Religion is a protected characteristic under the Equality Act 2010, so all religious beliefs need to be considered equally. Putting one religion above another could be seen as discriminatory. 

Ensure that employees whose diets reflect their religious beliefs are also able to enjoy the food and celebration.

There are other religious holidays celebrated over the festive period, including Hanukkah and Kwanza. Make sure that you don’t schedule your Christmas party on the date of another religious festival to allow everyone to attend if they wish. 

All religions and cultures have their own traditions and ways of celebrating; encourage employees to share these with the team.

Diverse food choices

Be aware when planning festive decorations or foods that everyone is catered for. Ensure that employees whose diets reflect their religious beliefs are also able to enjoy the food and celebrations alongside everyone else. All dietary choices should be catered for as much as possible, with vegan and vegetarian options offered.

Accessibility matters 

Alongside inclusivity, employers also need to ensure that the Christmas party is accessible to all. Consider how employees with different levels of physical capability will access your venue. Are there lifts available or toilets on the same level? 

Loud music and flashing lights can be a problem for people with autism, and dangerous for those with epilepsy. Most parties will have some kind of entertainment, such as a band or DJ, so consider what risks this may bring. Communicate to employees what the party will consist of so everyone can make an informed decision on whether to attend. 

Make sure that everyone knows what is and isn’t appropriate behaviour.

Don’t overlook your remote workers 

Make sure that remote workers are included in your end-of-year celebrations. Consider travel costs or accommodation and see if you’re able to help support remote or field-based employees by arranging this for them.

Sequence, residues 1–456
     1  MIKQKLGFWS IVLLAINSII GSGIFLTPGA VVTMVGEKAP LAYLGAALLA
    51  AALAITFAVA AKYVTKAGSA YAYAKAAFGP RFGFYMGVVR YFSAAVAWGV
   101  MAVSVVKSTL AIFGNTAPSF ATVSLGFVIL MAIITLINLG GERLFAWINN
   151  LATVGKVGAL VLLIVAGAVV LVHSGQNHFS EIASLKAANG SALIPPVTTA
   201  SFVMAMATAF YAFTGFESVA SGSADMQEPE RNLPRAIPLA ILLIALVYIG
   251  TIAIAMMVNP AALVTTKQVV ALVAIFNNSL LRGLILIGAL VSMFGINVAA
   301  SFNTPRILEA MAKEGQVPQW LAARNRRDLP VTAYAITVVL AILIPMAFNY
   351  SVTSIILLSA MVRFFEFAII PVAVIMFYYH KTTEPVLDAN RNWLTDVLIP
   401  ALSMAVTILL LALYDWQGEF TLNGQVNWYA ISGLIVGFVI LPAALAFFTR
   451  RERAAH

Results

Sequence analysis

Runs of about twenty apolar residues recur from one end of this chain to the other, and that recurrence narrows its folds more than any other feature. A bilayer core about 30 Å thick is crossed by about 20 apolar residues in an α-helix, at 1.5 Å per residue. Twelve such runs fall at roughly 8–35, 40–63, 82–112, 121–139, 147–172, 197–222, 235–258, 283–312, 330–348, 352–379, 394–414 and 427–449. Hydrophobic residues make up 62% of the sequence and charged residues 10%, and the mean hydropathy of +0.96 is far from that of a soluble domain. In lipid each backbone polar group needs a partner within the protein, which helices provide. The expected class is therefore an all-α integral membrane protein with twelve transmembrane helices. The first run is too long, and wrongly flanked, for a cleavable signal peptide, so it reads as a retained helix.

Alternatively, a remote Christmas celebration could be held via Zoom or Microsoft Teams. As we saw during Covid, you can still get creative by having remote get-togethers, with festive activities such as a quiz or karaoke among the options available.

Problematic party behaviour

One big risk that comes up every year is inappropriate behaviour at the Christmas party. Some employees can blur the lines between professional and personal relationships, and we’ve all heard stories about people kissing someone they shouldn’t at work events. But returning to work after an event like this can be awkward for both parties and, worse, could involve allegations of sexual harassment that an employer will have to deal with.

Make sure that everyone knows what is and isn’t appropriate behaviour and that all allegations of sexual harassment will be taken very seriously and dealt with in line with your disciplinary process.

Of course, no employer wants to be a Grinch and often love does blossom at work. 

It’s good practice to have a relationship policy in place, setting out the requirements around notifying the employer of any relationship between employees and ensuring that all protections are in place for both parties. 

Going on socials about the social

Finally, be aware of what gets posted on social media. These days everyone wants to share their life online, but inappropriate posts can prove disastrous reputationally. Remind employees of your social media policy. 


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Author Profile Picture
Kate Palmer

HR Advice and Consultancy Director

Read more from Kate Palmer